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Recent Court Decisions

Recent court and agency decisions involving board work

IASB's Office of General Counsel prepares summaries chosen from the Illinois Supreme and Appellate courts, federal court, agencies, the Illinois Public Access Counselor, and other tribunals issuing interesting decisions. Information in the summaries is limited to a brief synopsis and is not intended for purposes of legal advice. For the complete text of any case cited in this section, go to the Illinois state courts, Illinois Attorney General, or Federal courts finder links.

To search by the names of the plaintiff or defendant or other keyword, use the site search box located at the top of this website. Then filter results by Court Decision.

Questions regarding Recent Court and Agency Decisions should be directed to Kimberly Small, ext. 1226, or by email ksmall@iasb.com.


Court decisions are listed in order of the date posted, with the most recent shown first.
  • Freedom of Information Act - FOIA
    Failure to Respond to FOIA Request Violates Section 3(d) of FOIA
    Case: Public Access Opinion 23-001
    Decision Date: Thursday, January 12, 2023
    On August 12, 2022, Requestor submitted a Freedom of Information Act (FOIA) request to the Proviso Township High School District 209 (District) seeking any records relating to staffing levels for teachers in school year 2023. The District did not respond to the request. At the District’s Board of Education (Board) meeting on September 13, 2022 the District acknowledged having received Requestor’s FOIA request in its FOIA report to the Board, stating that “information will be provided”.  

    On October 13 and 14, 2022, Requestor filed a Request for Review with the Public Access Counselor (PAC) in which he alleged that the District had failed to respond to his FOIA request.

    On October 21, 2022, the PAC emailed the District asking if the District had received the request and directing the District to respond to the request and to send a copy of the response to the PAC. On November 15, 2022, The PAC re-sent the October 21, 2022 letter to the District. On November 16, 2022, The PAC sent a letter to the FOIA Officer for the District, explaining that the PAC had not received any indication that the District had responded to Requestor’s request. The District did not respond to PAC correspondence.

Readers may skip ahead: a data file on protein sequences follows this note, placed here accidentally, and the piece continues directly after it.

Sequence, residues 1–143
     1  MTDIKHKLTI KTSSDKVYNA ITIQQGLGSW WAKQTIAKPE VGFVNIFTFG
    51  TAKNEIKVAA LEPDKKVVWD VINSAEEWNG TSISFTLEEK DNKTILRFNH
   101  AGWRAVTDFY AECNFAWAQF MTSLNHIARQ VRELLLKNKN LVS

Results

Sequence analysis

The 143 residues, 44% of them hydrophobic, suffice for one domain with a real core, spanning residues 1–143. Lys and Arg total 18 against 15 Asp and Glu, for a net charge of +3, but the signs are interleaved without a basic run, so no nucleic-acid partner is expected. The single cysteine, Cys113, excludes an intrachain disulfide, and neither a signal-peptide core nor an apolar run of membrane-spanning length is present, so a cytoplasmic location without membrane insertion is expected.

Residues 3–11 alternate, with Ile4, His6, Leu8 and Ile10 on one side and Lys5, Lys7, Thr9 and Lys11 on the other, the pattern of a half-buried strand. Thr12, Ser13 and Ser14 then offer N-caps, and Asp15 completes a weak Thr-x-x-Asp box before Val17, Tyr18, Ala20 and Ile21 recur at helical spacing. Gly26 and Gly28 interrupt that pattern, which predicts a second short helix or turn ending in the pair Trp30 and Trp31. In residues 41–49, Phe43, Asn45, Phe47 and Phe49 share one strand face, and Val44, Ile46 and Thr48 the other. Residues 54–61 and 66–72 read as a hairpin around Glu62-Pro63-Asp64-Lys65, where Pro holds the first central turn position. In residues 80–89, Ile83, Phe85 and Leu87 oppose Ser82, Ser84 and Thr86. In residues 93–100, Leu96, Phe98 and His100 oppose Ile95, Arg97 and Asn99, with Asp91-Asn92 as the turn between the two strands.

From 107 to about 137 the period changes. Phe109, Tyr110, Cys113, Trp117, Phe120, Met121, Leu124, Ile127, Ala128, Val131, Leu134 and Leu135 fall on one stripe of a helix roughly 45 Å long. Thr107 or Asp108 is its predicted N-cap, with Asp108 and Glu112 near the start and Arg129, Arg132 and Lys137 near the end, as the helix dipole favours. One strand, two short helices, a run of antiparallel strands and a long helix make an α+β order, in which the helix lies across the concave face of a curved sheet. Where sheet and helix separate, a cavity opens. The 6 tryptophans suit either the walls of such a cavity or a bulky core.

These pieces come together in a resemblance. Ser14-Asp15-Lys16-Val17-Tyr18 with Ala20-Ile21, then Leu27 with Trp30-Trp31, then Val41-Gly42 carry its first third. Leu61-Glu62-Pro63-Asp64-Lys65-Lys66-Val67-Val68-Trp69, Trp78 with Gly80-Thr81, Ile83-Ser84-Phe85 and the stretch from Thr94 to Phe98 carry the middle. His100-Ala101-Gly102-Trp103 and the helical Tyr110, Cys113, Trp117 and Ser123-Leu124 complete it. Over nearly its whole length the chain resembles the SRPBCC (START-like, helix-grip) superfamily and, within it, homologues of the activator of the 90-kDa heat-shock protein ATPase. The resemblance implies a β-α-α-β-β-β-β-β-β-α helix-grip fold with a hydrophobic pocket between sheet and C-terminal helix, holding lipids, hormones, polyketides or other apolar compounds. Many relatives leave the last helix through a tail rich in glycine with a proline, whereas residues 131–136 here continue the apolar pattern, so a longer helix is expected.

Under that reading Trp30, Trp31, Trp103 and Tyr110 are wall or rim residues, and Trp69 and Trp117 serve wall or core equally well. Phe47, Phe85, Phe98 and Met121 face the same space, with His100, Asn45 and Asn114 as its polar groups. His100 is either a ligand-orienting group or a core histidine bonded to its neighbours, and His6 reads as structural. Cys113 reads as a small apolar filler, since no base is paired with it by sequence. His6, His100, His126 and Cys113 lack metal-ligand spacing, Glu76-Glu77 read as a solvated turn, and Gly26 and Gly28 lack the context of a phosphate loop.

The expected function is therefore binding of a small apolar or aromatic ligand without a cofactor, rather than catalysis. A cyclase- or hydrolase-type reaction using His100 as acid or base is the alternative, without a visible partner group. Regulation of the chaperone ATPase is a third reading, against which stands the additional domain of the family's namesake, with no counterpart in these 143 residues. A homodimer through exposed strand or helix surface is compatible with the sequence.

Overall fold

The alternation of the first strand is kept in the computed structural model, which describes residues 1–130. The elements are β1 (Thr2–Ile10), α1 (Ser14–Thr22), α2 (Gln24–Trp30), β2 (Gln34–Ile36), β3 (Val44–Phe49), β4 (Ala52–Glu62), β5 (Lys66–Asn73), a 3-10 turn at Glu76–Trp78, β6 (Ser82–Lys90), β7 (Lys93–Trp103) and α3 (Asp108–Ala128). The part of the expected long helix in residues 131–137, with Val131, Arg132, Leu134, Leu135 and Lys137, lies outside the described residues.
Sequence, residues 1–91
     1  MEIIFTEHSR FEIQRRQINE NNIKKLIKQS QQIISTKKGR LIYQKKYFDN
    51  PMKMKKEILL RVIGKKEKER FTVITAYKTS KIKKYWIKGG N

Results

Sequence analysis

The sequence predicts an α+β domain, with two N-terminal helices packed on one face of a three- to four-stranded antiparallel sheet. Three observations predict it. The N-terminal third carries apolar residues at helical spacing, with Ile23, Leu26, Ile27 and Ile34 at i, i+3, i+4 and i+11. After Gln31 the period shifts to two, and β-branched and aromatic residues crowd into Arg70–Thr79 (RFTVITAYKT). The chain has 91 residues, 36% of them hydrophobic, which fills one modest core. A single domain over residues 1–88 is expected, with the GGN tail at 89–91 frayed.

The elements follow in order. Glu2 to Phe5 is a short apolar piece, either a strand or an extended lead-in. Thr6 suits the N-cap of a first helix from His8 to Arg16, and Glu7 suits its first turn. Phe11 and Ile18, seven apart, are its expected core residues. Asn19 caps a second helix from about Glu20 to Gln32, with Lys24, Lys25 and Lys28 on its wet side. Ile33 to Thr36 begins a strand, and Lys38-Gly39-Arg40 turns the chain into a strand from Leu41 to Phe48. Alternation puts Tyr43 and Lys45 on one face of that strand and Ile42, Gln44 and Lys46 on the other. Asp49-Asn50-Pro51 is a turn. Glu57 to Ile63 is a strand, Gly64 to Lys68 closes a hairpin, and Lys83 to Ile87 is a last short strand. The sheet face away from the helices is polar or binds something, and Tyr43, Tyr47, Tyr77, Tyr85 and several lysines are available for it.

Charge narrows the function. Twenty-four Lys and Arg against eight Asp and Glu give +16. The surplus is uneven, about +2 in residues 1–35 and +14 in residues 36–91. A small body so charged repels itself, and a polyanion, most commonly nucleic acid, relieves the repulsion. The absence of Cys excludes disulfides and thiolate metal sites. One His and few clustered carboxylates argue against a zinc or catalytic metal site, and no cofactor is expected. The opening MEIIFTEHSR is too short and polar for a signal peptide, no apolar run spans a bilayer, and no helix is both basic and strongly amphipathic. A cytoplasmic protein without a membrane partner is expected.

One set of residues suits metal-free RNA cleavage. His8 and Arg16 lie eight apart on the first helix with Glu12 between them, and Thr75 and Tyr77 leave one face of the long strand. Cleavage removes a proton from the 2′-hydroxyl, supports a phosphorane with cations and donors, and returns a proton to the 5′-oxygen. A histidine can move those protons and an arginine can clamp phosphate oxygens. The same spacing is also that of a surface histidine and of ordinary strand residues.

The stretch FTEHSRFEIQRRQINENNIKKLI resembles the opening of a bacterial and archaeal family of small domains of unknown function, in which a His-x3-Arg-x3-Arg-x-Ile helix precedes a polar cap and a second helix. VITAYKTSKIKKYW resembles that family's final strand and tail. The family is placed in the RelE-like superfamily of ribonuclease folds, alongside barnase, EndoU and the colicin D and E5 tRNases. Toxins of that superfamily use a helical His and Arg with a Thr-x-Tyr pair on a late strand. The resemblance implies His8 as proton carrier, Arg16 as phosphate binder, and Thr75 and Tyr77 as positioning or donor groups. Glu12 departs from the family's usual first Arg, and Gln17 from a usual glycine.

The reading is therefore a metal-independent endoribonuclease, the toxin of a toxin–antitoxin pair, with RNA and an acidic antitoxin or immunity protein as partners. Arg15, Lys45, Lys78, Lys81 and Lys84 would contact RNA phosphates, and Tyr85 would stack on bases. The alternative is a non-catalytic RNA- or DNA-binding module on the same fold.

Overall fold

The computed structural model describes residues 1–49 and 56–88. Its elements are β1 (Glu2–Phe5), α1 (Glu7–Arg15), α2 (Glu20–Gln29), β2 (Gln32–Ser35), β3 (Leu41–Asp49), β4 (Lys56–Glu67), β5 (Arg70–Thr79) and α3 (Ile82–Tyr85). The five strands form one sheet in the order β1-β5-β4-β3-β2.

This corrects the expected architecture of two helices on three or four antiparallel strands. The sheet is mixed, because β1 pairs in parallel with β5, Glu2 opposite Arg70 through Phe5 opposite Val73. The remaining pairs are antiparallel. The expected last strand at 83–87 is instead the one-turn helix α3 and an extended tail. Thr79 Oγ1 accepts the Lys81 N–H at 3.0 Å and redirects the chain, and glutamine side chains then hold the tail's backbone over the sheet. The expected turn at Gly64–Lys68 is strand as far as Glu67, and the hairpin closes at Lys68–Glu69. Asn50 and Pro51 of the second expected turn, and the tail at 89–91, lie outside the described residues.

Section 3(a) of FOIA provides that “each public body shall make available to any person for inspection or copying all public records…” Section 3(d) of FOIA further provides, “Each public body shall, promptly, either comply with or deny a request or public records within 5 business days after its receipt of the request… Failure to comply with a written request, extend the time for response, or deny a request within 5 business days after its receipt shall be considered a denial of the request.”

    The PAC found that the District did not respond to Requestor’s August 12, 2022 FOIA request within five business days after its receipt by either complying with the request, extending the time for its response pursuant to section 3(e) of FOIA, or denying the request in writing. The failure of the District to comply with the requisite response procedures violated section 3(d) of FOIA. The PAC ordered the District to take immediate and appropriate action to provide Requestor with all records responsive to his August 12, 2022 request, subject only to permissible redactions, if any, under section 7 of FOIA.

    This opinion is binding only to the parties involved and may be appealed pursuant to State law.

    Mary H. Bandstra, IASB Law Clerk
  • General Interest to School Officials
    California School Threat Assessment Team Members Not Immune from Liability for School Shooting
    Case: Cleveland v. Taft Union High School Dist., 76 Cal.App.5th 776 (2022)
    Decision Date: Friday, March 25, 2022